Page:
4. nikhi menon

    August 21, 2011

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    completely agree with you big k,even in south india,especially kerala ,there are many who (believe me,a top school in kochi,once even went on and made all their students wear a badge which read something like this ‘talk to me only in english, and not in malayalam!’) consider their mother tongue inferior to english.

  5. Sharavani

    August 23, 2011

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    it doesn’t help when people promote their movies using english words, and not even using a proper indic script, like ‘mere brother ki dulhan’… seriously, just use bhaiya, stop anglicizing everything, it sucks. that’s why i hate most bollywood movies, trying to copy american themes and words and they talk in english half the time. the most recent and good bollywood movie i’ve seen was swadesh, really, swaha desha, if you want to sanskritize it…now that was a great and genuine movie about maintaining your traditions.

  6. MV

    August 26, 2011

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    Its the marketing of the language which was done as a superior one. And worst, we bought it. Would reccomend a fantastic website called http://www.hinduism.co.za. Not my website. Its not a pro hindu, but very strong on which language your mind should follow.
    Thanks.

  7. Prasad

    August 31, 2011

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    I take a different point of view than this. Being a parent of two kids, one of which can speak equally well in English as well as Marathi.

    Some reasons as to why this might be –
    1. Common media which is palatable for small children has changed from books to videos (I am a strong supporter of reader, but who is going to read when Youtube is available :-().  Also, most of this media is of a way better quality in English as opposed to the local languages (heck, that applies to even Wikipedia!!)
    2. Marathi channels are talking about issues which are no longer relevant to the future generation (atleast in metros). We watch the marathi channels, but seriously, do you really expect me to enjoy watching Kunku as compared to Masterchef Australia (which run pretty much on the same time slot). Yes programs like Idea Sa Re Ga Ma are good and my kid enjoys singing along on some of the songs, but thats about it.
    3. Each generation is smarter than its predecessor. What entertains the current masses is not the staple entertainment of the next generation … it’s not only about the “coolness” factor, its evolution. Can’t stop and grumble about it, if marathi channels can’t keep up, their loss.

    Another observation –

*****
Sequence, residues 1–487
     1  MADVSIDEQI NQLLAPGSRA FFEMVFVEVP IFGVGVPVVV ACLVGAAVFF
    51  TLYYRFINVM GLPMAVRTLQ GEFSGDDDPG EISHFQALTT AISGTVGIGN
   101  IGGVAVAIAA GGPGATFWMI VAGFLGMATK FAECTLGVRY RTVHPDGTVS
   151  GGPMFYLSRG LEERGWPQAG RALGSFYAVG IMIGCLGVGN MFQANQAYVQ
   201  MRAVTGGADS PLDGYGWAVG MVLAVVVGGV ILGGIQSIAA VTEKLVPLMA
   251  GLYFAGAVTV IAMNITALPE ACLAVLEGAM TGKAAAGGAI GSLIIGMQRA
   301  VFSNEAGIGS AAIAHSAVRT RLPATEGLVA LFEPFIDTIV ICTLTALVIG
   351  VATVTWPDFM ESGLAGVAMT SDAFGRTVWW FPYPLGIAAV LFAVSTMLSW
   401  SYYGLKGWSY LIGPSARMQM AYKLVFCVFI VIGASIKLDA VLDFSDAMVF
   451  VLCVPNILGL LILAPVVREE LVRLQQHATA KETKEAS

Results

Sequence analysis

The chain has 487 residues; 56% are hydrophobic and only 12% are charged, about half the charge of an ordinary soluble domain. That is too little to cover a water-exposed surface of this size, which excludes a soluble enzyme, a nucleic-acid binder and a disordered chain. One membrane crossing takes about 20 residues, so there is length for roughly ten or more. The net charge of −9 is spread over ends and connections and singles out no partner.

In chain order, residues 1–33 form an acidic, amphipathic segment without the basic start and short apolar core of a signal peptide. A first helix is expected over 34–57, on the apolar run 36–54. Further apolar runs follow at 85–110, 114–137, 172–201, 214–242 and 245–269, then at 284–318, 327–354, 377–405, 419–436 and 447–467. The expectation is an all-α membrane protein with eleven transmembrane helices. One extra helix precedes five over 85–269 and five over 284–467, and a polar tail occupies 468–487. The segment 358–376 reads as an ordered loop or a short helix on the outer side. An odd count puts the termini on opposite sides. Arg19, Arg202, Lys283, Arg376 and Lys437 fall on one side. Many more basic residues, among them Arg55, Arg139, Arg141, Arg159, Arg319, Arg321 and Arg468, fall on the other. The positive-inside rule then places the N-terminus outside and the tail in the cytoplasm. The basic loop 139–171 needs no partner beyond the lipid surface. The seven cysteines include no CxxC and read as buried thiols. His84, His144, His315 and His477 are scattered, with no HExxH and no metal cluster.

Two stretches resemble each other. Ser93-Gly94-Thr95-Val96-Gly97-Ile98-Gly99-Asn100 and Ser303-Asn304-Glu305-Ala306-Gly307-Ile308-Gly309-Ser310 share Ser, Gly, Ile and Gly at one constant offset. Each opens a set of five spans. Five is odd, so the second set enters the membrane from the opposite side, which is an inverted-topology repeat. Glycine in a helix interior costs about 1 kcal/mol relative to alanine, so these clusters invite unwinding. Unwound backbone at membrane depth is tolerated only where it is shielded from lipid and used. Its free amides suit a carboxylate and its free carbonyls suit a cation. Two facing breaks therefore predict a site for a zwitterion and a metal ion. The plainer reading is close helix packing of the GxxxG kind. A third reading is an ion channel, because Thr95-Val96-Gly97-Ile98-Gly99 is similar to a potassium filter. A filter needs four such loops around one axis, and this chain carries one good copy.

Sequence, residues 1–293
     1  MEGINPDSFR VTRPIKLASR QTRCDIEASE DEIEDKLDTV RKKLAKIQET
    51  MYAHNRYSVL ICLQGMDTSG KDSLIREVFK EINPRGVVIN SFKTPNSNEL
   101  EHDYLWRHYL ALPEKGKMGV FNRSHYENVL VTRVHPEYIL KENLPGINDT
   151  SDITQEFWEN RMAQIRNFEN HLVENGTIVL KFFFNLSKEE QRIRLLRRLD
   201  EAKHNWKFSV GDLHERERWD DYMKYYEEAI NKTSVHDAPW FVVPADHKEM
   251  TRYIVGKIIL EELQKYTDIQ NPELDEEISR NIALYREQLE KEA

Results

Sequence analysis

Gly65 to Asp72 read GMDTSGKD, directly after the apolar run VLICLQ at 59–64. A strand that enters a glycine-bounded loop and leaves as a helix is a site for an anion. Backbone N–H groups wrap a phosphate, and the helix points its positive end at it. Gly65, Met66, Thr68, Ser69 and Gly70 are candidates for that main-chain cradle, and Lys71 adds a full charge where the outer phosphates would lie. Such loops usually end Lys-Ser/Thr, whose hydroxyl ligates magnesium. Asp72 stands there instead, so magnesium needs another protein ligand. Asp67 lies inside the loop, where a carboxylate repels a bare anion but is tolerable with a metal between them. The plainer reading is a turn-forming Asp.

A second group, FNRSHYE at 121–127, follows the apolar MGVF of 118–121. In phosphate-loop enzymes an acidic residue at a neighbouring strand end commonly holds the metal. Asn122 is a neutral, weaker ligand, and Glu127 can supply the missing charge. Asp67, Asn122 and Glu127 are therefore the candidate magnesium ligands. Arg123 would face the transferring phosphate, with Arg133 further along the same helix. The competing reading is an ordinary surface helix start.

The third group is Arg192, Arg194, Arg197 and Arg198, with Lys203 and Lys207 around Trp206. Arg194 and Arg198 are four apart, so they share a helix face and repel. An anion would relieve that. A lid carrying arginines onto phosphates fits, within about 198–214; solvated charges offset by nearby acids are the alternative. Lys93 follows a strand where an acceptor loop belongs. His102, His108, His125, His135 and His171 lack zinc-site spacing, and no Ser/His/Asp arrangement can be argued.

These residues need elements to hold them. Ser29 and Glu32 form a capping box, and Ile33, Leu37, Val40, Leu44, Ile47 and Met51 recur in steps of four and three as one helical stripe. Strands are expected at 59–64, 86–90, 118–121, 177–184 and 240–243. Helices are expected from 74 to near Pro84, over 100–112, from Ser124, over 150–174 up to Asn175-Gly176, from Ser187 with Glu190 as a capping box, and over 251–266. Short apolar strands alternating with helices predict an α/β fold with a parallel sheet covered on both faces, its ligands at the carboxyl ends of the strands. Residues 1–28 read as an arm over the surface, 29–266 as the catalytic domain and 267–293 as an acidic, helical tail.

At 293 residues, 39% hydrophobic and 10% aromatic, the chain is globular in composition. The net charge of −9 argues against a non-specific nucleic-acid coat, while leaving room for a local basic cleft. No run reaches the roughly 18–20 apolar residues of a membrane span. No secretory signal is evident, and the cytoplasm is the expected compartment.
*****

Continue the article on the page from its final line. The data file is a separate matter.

Languages are meant for the sole purpose of communication. Any language will die if it does not keep up with the current trend (hence oxford comes up with updates to its dictionary). The local languages on the other hand, I dont know whether such an authority exists. Of course local cultural societies try to maintain the culture. But the thing about culture, is that it is meant to change. Can’t preserve it … that’s not culture, that’s tradition.

    If you speak to someone who does not know marathi, then the purpose of marathi is defeated Biggie :-). The approach you are suggesting is being practiced in Chennai … where they speak Tamil (and frown upon anyone who doesnt), in fact they are often discriminated upon. After that comes English and in the end comes Hindi. Effectively all those people who come to live in Chennai find it a hostile and a humid place. It becomes an unwelcome place. Believe me, I tried a month there and I was sick of the autowallahs, and the localites who expected me to speak in their tongue. Really?? Is this the way you want to treat your guests? Make them feel unwelcome? Am I not your fellow citizen? Aren’t we all Indians? Then why are you discriminating on the basis of local language? I think this is the same problem with Mr. Thackeray.

    That’s why there is a need for Hindi as a national language. The same thing applies to English when seen from the international perspective. Obviously, you really cant expect me to type such a long comment in Hindi (or Marathi :-)).

    • Durga

      September 1, 2011

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      I cannot but agree with Prasad. The reason being personal experience. My husband hails from Bengali family and I hail from a Telugu family, if either of us would have stuck to our own mother tongues, then I don’t know if we could talk to each other’s families. I don’t relate the concept of Japanese/German and French talking on their languages and still advance. They have a common language for their ‘country’ , we don’t have any such language. 50% India, is ready to adopt English rather than Hindi.They feel Hindi is imposed on them, rather then considering it as a means of communication.